“When the third group of attackers came, they brought fire and steam and death. They were small beings which swarmed into our home from the wooded valleys below. Most of our Warlords had already fallen by that time, and we found that the creatures even had a way of evading our crossbow bolts. We drove them back into the valleys, but when we returned, only a very small group of our warriors remained. We considered the situation and decided that Khoryvaght was lost. There was no chance for our small group to successfully defend our home yet again; we had already paid too high a toll. In the end we realized that the battle for Mother Nature was futile. Defending Khoryvaght had taught us that no matter how hard you try, Death always wins in the end. Death had taken our brothers and sisters, our families, our loved ones and our children, while we tried to bring even more death to the groups of attackers. So we decided to serve a new master. Abandoning Eldurim and Firiel, we became Acolytes of Death. We would continue fighting as we always had – after all, there was no other way of life we knew of. But we would now fight for a new purpose: to bring Death to the people of Esfah. We would just be speeding things along anyway – for after all, Death will always win in the end. So you see, even if you kill me now, you can’t win. You will only prove my point.”
The final assertion came with such calm that Soombrash almost erupted in an equal amount of anger. But he held his fury in check. “You are wrong, Valloaree of Khoryvaght, and you have made a terrible mistake.” Soombrash leaned forward towards the dwarf who was still half sitting, half lying against the low wall of the tower’s platform. He continued in a low voice, but with all the gravity he could put into it: “You gave up your home to serve the very power that destroyed your life, and so many others. You abandoned the very forces that gave you life in order to bring more corruption into the world. In so doing, you took away all meaning from the many sacrifices you and your people had to make in defence of your home.” Soombrash put out his arm and grabbed the front of Valloaree’s shirt. The Acolyte did not even blink, he expected the beastman to kill him now and thus fulfill his preordained fate.
But even though Soombrash’s touch was far from gentle, it did not speak of deadly intentions. He rose, pulling Valloaree up with him, and then set the crossbowman down on the floor of the platform. “Where there’s life, there’s hope,” Soombraash again voiced the common credo of his people, and continued, “your home Khoryvaght has suffered badly, but giving up is never the right decision. You could have asked for help from the servants of Nature. You could have tried to defend a place that has been sacred to the Vagha™ for centuries. But you took the easy way out. Instead of fighting death and corruption, you embraced it, and now you will pay the price.”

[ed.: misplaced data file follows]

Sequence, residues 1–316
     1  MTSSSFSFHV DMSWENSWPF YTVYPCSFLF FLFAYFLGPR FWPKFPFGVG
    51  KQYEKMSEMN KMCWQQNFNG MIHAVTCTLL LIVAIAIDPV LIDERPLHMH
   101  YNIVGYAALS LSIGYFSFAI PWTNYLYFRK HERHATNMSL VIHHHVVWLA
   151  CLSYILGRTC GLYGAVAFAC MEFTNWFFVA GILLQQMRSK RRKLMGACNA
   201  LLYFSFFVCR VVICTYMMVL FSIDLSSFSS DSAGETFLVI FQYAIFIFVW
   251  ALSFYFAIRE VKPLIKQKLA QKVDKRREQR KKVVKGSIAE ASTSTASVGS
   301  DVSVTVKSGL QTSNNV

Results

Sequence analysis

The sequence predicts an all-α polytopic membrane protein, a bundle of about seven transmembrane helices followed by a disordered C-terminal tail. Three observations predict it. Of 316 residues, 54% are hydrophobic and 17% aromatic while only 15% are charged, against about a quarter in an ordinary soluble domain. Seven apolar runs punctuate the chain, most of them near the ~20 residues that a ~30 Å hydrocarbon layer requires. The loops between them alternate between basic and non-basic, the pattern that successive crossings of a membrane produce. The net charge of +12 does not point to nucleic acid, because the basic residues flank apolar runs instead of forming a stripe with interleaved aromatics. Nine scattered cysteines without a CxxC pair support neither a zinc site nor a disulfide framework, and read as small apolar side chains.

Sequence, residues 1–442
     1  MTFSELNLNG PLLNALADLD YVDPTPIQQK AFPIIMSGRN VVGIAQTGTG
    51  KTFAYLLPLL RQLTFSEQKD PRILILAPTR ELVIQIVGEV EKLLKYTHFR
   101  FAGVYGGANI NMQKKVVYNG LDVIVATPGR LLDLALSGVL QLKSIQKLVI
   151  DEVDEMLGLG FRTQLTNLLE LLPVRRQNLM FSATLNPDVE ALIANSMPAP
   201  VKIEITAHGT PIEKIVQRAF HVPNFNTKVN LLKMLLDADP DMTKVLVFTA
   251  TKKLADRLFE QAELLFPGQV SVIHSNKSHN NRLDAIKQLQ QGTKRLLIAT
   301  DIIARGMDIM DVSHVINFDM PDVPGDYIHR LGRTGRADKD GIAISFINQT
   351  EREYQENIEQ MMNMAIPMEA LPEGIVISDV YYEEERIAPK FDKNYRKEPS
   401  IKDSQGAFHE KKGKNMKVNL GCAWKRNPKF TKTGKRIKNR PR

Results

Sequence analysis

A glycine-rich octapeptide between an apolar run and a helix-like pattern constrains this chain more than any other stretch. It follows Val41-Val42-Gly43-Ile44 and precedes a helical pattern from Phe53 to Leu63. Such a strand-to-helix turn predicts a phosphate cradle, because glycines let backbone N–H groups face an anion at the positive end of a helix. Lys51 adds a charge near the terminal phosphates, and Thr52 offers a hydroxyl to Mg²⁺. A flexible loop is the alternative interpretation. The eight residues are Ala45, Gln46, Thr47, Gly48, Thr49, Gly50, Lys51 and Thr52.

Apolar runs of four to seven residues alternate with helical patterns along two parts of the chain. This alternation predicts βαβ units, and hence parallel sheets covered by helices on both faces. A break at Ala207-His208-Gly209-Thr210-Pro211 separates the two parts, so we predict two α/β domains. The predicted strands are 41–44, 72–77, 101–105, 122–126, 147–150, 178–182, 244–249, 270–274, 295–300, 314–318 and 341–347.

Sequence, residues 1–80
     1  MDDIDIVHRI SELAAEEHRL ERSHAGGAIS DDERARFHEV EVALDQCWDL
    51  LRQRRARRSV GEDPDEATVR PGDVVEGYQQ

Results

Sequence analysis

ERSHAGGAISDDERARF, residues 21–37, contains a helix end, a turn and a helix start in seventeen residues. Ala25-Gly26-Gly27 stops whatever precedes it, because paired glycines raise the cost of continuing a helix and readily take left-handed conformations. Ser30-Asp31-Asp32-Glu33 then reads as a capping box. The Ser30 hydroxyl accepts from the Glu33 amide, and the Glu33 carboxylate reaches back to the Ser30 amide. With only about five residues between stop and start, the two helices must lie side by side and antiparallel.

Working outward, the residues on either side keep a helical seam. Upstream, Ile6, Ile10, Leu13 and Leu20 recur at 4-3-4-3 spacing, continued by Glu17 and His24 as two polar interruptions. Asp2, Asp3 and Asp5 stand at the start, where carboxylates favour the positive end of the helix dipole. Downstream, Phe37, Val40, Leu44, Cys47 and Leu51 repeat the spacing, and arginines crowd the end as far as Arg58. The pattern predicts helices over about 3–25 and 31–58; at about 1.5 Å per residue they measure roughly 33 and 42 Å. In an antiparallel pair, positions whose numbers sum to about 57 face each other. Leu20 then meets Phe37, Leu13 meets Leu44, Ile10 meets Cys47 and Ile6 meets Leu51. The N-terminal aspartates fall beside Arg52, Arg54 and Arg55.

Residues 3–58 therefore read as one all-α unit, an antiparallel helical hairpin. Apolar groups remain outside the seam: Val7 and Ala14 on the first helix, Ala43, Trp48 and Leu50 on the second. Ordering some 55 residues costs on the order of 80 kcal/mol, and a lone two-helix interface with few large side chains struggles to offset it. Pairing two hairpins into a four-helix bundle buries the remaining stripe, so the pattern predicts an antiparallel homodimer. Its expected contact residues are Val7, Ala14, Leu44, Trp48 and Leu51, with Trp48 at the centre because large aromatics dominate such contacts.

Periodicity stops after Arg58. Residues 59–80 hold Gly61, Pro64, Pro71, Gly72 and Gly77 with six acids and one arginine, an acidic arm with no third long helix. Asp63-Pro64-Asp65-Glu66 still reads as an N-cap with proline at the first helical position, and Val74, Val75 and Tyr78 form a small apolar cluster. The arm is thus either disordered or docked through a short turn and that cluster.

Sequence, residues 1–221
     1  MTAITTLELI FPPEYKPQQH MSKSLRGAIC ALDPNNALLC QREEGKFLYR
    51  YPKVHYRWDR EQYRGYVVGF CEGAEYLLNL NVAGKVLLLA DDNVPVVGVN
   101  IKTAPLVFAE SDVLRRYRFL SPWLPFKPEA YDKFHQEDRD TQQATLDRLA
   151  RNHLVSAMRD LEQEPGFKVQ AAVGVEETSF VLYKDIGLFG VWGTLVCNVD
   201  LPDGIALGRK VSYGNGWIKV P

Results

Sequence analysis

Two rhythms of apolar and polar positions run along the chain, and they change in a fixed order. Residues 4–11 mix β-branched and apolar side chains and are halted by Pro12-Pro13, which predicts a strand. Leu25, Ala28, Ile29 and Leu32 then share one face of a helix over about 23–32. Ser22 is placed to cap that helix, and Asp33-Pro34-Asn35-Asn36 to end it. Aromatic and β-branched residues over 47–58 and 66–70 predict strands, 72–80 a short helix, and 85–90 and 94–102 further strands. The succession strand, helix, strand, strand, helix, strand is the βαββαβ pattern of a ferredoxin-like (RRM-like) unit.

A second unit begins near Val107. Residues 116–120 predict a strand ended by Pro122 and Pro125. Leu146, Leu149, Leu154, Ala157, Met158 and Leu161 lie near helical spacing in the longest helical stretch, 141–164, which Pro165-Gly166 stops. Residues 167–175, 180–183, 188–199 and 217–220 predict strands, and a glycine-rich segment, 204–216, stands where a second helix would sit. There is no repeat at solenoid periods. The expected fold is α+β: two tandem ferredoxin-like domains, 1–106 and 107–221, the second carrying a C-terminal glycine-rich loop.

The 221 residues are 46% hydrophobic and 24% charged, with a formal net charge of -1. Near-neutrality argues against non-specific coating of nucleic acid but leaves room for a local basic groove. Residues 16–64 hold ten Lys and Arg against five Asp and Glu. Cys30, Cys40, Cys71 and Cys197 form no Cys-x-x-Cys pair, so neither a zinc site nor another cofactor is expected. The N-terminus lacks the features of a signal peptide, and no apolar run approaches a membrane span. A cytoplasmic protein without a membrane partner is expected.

Soombrash put his huge hand against the back of the Acolyte and shoved him roughly towards the stairs that led to the bottom of the tower. Uncertain, but resigned to a fate he knew he could not alter, Valloaree began to descend the steps. Soombrash followed closely behind him, and the stairs groaned under the weight of the Rhino-Folk, as if they wanted to protest against his actions.
When they emerged from the tower onto the plains, Soombrash spoke again. “If you thought that an alliance with the Undead and the battle for this putrid swamp was the right way, you have no idea of what it means to serve Nature. In that case, you are lost anyway, but it is not my hand that will strike you down.”
The Acolyte looked up at the beastman’s face. There were questions in his eyes, as well as a number of emotions that struggled for supremacy in his confused mind: surprise and mistrust, defeat and even disappointment. But his voice, used to boasting words of pride, failed to pronounce any of them.
“Go!” Soombrash roared at him. “Get out of my sight! Try to find your friends from Khoryvaght, if the swamp does not kill you or them first. And tell them that it is never futile to resist the touch of the corruptor!”
His mouth open, Valloaree stared at the Rhino-Folk. He felt cheated. He had been fighting all his life, and for the last few months had thought about very little but death and dying. He had brought death to many beings, and he had fully expected to be called into his master’s cold embrace in the course of his actions. Yet, here was this enemy, hardly better than an animal but of an order of strength he could never hope to match, that refused to fulfill his dream, denying him the merciful touch he had expected for so long. Then, Soombrash bellowed at him again, “Go away!”, and Valloaree turned to run towards the swamp. It was probably a trick, the dwarf thought. His brethren will be waiting in the bogs and waters, ready to strike me down.
Soombrash could not read the Acolyte’s wary thoughts, nor could a friendly wind carry them to his ears. And even if he had known, he wouldn’t have cared. He knew that he had allowed a menace to escape into the world, that Valloaree of Khoryvaght would probably continue in his mad quest to spread corruption and death. But he still felt in the heart that was beating in his massive chest that he had taken the right decision. Killing the Acolyte would only have given him the satisfaction that his master would indeed triumph in the end.
The Rhino-Folk stared towards the few stunted trees at the edge of the swamp between which the Acolyte of Death had disappeared. Then he turned his head upwards towards the sun and enjoyed the warmth, and the gentle touch of a friendly wind, on his face. Letting the Acolyte escape meant that there was still a chance for Valloaree to see the error of his ways. It was a slim chance, yes – but where there’s life, there’s hope. Death, on the other hand, is final.